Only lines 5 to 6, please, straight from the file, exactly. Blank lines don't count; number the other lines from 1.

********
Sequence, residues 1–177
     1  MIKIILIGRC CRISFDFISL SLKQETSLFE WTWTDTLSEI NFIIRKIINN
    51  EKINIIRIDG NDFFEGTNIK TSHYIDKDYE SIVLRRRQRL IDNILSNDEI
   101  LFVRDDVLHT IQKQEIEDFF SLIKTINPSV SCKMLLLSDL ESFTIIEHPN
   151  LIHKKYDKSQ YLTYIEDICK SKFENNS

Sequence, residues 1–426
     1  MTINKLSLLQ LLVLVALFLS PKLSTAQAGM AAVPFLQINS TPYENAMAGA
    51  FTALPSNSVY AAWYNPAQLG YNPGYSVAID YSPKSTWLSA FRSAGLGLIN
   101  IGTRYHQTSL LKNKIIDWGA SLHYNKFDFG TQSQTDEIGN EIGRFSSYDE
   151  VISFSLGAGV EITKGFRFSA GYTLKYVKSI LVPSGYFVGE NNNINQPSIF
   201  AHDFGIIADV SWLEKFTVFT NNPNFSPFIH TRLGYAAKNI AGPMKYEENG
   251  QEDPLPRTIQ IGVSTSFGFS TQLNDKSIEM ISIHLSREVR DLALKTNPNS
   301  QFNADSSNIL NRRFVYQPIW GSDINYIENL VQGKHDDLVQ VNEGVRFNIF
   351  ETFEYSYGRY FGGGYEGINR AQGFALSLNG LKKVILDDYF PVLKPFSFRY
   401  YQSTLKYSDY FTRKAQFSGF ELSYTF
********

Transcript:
   151  LIHKKYDKSQ YLTYIEDICK SKFENNS

Sequence, residues 1–426